Landscape of Displacement and Place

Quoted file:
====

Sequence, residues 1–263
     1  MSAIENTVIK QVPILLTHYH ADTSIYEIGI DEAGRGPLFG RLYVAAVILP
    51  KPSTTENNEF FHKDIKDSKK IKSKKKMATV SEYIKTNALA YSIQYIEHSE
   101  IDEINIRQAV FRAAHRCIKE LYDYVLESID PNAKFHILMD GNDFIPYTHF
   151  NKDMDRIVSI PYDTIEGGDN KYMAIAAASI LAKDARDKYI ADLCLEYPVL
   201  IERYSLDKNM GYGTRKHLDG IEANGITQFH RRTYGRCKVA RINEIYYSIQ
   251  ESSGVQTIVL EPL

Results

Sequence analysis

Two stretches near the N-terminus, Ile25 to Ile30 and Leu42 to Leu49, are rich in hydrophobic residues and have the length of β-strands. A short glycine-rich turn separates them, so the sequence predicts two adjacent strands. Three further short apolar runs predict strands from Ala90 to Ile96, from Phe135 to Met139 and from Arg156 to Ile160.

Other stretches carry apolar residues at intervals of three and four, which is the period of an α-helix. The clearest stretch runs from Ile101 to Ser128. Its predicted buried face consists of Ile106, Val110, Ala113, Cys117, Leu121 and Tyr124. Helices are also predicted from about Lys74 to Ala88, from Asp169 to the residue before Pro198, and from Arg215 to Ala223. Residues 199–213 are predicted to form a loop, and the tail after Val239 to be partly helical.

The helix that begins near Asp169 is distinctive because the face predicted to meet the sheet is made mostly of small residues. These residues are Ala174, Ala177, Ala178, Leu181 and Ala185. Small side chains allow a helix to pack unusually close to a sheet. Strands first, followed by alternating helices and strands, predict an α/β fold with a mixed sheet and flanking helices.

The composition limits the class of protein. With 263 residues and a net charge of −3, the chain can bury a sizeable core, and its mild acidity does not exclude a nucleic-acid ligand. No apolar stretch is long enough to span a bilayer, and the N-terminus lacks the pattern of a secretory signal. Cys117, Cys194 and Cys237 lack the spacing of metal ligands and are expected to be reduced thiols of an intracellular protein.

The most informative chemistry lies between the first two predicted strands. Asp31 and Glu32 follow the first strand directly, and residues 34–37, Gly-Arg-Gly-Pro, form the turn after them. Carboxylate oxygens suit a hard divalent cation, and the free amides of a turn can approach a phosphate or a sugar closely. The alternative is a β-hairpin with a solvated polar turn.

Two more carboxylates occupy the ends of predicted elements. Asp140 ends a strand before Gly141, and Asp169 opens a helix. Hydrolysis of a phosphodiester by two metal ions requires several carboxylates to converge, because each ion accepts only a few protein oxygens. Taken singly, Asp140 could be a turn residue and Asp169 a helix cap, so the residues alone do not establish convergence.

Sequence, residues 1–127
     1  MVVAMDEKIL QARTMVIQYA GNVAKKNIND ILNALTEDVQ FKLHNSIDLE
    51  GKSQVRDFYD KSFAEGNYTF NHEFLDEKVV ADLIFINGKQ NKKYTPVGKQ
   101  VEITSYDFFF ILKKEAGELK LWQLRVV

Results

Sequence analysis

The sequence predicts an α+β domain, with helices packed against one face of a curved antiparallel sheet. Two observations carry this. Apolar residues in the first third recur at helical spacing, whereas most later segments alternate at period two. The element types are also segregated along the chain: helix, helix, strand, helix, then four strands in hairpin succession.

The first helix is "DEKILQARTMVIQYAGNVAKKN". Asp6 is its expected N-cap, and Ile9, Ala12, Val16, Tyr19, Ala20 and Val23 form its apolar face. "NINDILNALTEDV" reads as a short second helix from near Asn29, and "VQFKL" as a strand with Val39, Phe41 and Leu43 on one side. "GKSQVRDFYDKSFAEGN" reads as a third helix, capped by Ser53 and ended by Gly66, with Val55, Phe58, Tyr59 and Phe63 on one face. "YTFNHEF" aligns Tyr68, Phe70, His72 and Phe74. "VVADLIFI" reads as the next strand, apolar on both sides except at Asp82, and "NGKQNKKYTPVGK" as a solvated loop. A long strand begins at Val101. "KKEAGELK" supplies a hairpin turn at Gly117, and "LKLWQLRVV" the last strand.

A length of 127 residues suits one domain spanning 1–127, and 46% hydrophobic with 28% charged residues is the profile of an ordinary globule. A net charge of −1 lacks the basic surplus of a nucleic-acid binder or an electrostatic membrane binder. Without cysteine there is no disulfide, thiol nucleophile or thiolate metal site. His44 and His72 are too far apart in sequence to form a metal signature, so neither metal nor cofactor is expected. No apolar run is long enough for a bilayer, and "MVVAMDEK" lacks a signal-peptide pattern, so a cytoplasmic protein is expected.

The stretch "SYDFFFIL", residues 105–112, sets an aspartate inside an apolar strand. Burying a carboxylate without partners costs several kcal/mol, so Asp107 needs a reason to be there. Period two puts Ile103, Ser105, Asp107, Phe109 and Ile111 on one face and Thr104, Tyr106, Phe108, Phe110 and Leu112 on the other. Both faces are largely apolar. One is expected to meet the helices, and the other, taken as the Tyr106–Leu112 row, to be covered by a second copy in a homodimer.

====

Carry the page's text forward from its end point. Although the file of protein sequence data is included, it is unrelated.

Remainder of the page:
As I was reading Brad Weiss’s book Real Pigs: Shifting Values in the Field of Local Pork, Hurricane Matthew was wreaking havoc on the U.S. East coast, and North Carolina’s industrial pig farm lagoons of waste were overflowing (New York Times Editorial Board, 2016). The storm brought the horrific environmental effects of North Carolina’s confined animal feeding operations (CAFOs) into view once again. Once again, because the lagoons were breached in 1996 and again in 1999, when Hurricane Floyd and Hurricane Fran set down. Around the same time, journalists were uncovering the unsavory political and legislative changes that fostered North Carolina’s CAFO model of pork production, including the growth of contracting and excessive corporate control. While this story will be familiar to many readers, Weiss has written a fascinating account of how a niche market has developed, centered on pastured local pork in reaction to this CAFO “landscape of displacement.”
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